So, naturally, Arkansas is getting loads of hype for 2015, despite playing in the toughest division in the country.
"The reason you can believe in Arkansas is because of the product on the field and the way it steadily has improved since Bielema took over the program late in 2012," ESPN.com's Alex Scarborough wrote.
Arkansas brings back 15 starters, including a senior quarterback, a pair of 1,000-yard rushers and most of an NFL-sized offensive line. This is more than enough to warrant high expectations, but with a schedule that includes 10 bowl qualifiers from a year ago (including all eight conference games) that might not translate into more than a one- or two-win improvement.
Justin Fuente, Memphis
Congratulations, Justin Fuente. Your success at Memphis last season has made you the newest member of the Hot Young Coaches Club. Please enjoy your complimentary raise and contract extension, and get used to having your name mentioned anytime a vacancy at a larger program occurs.
But also be prepared to at least match what you did in 2014, when you piloted the Tigers to 10 wins and an American Athletic Conference title after going 3-9 the year before. Exceeding that performance is preferred, however, in order to remain in high regard within this exclusive club.
Fuente has worked wonders at Memphis, a program that hadn't had football success in more than a decade but now could find itself swooped up in the next wave of conference realignment if a certain league that's short on the requisite number of teams needed to hold a league title game decides to expand. He got a raise to $1.4 million, which is on the high side for a non-power conference school but won't keep a big-named school from swooping in and taking him away if he keeps producing.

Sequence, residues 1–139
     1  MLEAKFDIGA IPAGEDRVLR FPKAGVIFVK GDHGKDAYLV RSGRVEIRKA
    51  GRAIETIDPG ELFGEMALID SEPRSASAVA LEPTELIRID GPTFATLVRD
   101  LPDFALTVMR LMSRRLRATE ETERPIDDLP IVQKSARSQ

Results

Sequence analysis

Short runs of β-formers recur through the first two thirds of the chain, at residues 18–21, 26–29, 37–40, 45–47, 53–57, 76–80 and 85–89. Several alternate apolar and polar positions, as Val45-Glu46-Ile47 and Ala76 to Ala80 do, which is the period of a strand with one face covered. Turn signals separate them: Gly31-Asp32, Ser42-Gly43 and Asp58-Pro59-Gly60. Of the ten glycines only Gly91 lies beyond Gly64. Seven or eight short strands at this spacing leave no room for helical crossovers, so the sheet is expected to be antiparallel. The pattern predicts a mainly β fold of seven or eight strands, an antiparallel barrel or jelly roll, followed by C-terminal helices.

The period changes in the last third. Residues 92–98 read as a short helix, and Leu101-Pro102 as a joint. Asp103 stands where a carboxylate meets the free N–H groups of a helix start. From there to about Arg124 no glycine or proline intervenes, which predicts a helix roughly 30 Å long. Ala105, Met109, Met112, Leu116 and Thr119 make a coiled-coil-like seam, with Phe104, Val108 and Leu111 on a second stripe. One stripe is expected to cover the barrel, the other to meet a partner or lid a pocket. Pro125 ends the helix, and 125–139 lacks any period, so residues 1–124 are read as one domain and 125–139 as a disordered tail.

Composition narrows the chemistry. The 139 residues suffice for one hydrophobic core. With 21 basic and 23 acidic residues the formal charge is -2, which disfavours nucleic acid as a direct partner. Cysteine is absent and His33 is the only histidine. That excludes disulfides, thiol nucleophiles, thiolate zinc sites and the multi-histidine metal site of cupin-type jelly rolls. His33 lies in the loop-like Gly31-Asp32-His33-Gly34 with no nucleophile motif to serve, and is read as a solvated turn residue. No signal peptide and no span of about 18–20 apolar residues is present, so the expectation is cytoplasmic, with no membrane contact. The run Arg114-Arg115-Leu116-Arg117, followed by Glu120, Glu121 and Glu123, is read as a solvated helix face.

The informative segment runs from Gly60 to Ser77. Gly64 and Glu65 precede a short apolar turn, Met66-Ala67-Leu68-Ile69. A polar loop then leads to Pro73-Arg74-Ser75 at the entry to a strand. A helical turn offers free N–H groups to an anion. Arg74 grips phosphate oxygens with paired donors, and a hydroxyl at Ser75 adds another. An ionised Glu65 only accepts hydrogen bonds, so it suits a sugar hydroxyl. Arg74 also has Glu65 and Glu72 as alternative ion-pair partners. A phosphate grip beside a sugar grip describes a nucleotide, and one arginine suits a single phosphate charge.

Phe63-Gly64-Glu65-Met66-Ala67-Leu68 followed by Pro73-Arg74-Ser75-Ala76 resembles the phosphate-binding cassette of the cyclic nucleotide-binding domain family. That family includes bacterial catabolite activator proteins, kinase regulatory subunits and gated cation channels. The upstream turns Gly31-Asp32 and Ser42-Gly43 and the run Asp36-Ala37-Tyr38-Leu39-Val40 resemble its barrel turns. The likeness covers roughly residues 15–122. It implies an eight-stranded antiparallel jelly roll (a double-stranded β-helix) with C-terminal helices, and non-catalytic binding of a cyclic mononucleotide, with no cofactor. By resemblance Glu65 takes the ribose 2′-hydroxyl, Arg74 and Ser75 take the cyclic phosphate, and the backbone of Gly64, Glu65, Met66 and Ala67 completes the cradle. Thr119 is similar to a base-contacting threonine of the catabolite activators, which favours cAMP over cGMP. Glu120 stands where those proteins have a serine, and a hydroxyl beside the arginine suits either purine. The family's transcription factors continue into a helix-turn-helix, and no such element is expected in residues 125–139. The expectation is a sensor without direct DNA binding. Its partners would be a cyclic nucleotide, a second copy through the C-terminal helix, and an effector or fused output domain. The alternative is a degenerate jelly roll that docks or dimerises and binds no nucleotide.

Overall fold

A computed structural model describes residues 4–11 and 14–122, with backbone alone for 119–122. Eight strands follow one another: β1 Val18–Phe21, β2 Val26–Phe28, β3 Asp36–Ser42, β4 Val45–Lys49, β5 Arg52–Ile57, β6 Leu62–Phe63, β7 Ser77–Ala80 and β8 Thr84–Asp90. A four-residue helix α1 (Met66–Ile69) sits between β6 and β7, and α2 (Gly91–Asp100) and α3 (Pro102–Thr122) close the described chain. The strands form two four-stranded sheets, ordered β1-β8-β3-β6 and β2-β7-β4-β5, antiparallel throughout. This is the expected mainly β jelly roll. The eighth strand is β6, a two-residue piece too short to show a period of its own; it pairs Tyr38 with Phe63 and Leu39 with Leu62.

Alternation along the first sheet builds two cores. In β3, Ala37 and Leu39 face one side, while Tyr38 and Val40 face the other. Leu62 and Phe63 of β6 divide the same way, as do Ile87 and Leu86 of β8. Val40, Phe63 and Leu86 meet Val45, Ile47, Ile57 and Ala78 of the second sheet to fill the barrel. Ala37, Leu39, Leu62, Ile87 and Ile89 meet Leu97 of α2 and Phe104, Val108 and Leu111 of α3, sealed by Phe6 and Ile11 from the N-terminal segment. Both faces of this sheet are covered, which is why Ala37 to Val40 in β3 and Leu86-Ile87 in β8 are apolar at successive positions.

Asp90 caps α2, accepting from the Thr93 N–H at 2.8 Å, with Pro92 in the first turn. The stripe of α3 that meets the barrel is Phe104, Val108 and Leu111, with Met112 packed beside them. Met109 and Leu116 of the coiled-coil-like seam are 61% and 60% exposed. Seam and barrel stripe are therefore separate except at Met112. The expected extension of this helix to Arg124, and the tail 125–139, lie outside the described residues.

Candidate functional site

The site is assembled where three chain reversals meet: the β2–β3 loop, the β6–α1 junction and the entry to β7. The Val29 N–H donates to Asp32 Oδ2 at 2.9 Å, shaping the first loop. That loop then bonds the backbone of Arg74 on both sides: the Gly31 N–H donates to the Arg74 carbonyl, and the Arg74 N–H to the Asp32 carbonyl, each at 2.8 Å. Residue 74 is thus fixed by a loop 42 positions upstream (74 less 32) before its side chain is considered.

That's the key, though. Because Fuente stayed at Memphis he's going to have to maintain the level of success he had this past season in order to remain a hot commodity.
Corey Clement, Wisconsin
The loss of a 2,500-yard rusher and most of the offensive line he ran behind should make for very tempered offensive expectations this season at Wisconsin. But a lot of hope rests on the shoulders of presumptive successor Corey Clement, whose numbers as a backup last year were better than many school's top running backs.
As a sophomore Clement ran for 949 yards, which tied for 67th-best in FBS. He earned only 10.5 carries per game, however, because Melvin Gordon was ahead of him on the depth chart. Now that Gordon has turned pro, the carries are Clement's for the taking, and all indications are that he'll make Gordon's departure hurt as little as possible.
Clement certainly doesn't lack for confidence, either.
"The players behind me are just going to have to respect that the playing time is in my hands now," he told Sports Illustrated's Colin Becht.
The last year Wisconsin didn't have a player rush for at least 1,600 yards was 2010, when instead the Badgers had two 1,000-yard gainers.
College football isn't set up to where it can realistically have Cinderella stories like we see in college basketball. But Georgia Southern was about as close to that as you can get in 2014, its first season of FBS play.
The Eagles went 9-3 and won the Sun Belt Conference with a perfect record, yet because of NCAA rules related to transitioning programs they weren't eligible to play in a bowl game. That limitation goes away this season, and with the bulk of the players that paced the nation's No. 1 rushing offense set to return, there's no reason to expect any drop-off.